I am sure many of you are familiar with the story of Chicken Little. It’s a traditional folk tale – basically the chicken gets bopped on the head with an acorn and automatically assumes the worst. In this instance it is that “The sky is falling” and he gets his friends who are a hen, a turkey, and a duck (depending on which version you read) all hysterical and scared and they then fall for the fox and his solution which is to hide in his den. Obviously, this turns out well for the fox who enjoys a nice poultry dinner, but not so well for the assorted fowl.
Every time I turn on the news, or open the paper I feel like the headlines are screaming “The sky is falling”. Now, to be completely fair there IS quite a bit of bad in the world. Sickness, worries for the future, economic concerns…the list could and does go on for days, weeks, years even.
But, like in the Chicken Little story where the fox reaped the benefits of the mass hysteria – all I know is like the dramatic chicken I always lose when I get caught up in the drama.
A phrase I repeat to one of my kids (probably a minimum of 20 times a day) is “Worry about your own self.” In our family this means to evaluate your own conduct and get it up to par before worrying about how someone else is acting. Another way of looking at it, is like the good book says “Get the log out of your own eye before worrying about the speck in your brothers’ eye”. (My paraphrase)
In my little corner of the world, I can do very little to change the course of the world, or the US or even Tennessee. But what I CAN do is make an impact where I am. For me, that starts with recognizing things I am thankful for. My family has food, shelter and a farm for the kids to grow up on. Yes, my husband works long hard hours and sometimes gets nighttime calls that a cow is out …but he does know that tomorrow he will have work to accomplish and people to feed which I feel is his life’s calling. While I am definitely not high fashion (hello hoodies and jeans, and usually mismatched socks) I have clothes to wear. My family has warm coats in the winter and mud boots for the spring. My girls are learning responsibility by raising bottle calves, they are learning planning skills by helping my husband sample fields and make fertilizer decisions based on which crop will be where.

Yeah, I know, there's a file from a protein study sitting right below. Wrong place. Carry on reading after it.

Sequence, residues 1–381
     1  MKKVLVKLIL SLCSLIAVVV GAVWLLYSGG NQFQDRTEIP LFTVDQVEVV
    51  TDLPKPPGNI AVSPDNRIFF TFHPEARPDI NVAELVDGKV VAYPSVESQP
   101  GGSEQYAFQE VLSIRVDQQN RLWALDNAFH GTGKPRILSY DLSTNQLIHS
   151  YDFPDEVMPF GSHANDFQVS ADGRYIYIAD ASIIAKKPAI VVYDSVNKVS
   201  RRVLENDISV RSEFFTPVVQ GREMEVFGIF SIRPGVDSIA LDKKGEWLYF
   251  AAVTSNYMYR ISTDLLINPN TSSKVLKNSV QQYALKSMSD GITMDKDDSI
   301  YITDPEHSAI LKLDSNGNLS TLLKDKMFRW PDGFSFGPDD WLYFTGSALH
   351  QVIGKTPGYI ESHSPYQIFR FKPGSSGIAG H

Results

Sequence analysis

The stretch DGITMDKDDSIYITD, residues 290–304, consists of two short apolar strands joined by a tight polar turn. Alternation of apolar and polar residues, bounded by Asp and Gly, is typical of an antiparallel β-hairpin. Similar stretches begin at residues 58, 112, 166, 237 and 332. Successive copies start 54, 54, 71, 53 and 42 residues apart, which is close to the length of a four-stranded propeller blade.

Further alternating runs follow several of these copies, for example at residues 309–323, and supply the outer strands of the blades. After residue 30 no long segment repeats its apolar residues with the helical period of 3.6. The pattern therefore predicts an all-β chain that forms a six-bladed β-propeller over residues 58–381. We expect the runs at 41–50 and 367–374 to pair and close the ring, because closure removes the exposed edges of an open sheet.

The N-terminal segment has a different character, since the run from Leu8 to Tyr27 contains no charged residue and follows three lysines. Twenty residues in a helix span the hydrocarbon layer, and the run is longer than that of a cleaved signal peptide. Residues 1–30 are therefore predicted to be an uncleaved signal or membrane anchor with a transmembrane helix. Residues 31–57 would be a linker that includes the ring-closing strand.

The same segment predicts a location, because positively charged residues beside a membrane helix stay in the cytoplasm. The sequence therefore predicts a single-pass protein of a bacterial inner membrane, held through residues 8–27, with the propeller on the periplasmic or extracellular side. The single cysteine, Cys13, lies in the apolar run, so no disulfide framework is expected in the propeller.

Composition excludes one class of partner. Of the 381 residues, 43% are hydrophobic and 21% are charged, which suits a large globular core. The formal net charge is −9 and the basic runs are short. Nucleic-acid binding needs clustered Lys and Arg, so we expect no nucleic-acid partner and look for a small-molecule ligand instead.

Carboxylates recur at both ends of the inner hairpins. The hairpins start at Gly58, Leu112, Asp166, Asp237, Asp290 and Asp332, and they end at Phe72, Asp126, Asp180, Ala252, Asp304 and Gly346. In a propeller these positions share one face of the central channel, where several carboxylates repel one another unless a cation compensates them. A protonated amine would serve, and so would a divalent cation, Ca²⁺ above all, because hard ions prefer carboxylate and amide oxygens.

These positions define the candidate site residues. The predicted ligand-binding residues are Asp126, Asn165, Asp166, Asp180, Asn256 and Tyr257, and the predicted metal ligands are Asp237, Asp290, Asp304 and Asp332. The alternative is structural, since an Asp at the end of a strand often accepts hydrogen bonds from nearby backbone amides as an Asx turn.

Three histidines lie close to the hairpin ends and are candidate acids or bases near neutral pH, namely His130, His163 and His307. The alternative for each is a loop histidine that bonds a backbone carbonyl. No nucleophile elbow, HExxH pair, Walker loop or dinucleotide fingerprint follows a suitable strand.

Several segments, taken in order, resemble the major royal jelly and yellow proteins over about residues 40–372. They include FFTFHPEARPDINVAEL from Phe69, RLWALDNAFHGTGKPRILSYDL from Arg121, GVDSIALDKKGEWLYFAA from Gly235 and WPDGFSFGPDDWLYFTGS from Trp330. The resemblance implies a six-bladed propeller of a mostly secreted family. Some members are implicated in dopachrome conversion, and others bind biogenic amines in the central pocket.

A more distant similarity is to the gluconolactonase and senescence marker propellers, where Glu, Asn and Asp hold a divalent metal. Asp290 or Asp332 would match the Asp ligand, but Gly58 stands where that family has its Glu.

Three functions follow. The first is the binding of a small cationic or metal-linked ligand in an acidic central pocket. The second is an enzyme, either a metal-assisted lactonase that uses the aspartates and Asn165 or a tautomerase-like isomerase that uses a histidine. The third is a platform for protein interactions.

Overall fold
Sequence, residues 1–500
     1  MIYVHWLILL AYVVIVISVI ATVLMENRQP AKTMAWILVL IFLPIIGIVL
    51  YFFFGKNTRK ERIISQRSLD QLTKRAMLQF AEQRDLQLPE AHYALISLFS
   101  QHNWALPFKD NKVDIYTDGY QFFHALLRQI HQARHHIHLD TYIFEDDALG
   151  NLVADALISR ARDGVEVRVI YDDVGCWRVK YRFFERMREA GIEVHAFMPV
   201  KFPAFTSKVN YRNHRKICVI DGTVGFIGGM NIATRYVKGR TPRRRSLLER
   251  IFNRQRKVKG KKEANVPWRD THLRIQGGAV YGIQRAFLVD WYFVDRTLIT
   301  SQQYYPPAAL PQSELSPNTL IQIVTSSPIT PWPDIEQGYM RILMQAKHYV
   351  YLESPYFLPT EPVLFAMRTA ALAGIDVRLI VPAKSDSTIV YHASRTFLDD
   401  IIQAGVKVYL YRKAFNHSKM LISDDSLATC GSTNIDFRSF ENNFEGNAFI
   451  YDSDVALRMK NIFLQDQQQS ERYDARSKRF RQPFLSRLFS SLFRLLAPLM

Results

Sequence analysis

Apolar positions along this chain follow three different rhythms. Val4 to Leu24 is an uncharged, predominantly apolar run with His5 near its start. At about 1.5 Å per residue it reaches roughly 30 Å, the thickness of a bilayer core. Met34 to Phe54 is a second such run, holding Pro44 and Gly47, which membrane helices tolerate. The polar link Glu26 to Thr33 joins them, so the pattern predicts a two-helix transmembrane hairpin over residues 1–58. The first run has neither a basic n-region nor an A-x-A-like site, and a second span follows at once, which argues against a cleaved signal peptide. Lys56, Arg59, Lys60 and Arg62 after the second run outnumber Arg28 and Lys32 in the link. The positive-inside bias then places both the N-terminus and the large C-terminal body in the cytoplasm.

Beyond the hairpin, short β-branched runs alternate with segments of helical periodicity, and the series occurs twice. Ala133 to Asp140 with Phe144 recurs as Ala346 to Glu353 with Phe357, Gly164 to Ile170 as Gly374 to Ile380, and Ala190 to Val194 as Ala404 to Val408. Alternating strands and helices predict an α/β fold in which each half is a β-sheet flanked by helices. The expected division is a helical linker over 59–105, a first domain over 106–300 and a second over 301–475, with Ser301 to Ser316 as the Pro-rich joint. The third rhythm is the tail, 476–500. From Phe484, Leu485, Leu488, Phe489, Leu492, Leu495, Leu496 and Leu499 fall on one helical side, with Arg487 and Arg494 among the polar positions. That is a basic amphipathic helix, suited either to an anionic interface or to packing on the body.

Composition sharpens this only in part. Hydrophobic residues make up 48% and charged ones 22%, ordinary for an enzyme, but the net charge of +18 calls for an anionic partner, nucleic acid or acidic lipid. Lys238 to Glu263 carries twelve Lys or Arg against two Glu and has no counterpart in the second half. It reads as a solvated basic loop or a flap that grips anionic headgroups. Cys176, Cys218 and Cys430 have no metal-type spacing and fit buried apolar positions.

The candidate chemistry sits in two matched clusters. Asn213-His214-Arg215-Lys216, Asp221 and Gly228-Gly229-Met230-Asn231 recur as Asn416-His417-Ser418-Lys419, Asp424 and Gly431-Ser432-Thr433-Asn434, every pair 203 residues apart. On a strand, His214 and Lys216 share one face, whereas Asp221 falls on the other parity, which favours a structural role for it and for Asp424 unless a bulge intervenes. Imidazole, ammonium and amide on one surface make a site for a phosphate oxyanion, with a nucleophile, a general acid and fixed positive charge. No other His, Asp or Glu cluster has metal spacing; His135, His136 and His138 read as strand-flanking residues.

I have SO much to be thankful for, and coming from a place of gratitude it is easier to be nice to those I do come in contact with. I can be more patient with my kids. I can be encouraging to my husband. I can extend a kind word to a stranger in the grocery store or share a baked good with a neighbor. None of these things are hard, world changing things in and of themselves.
I am not in a position to change politics. I am not famous, nor do I have any great talents. But things don’t have to be big to be valuable. I can compliment a stranger (even though it embarrasses my kids when I do). I can take back someone’s shopping cart. I can encourage my farmer husband, and might just be the person who makes him laugh and let the stress out for the day. None of those things are big. But I do think they make a difference in the lives of people I care about and that makes them worth doing.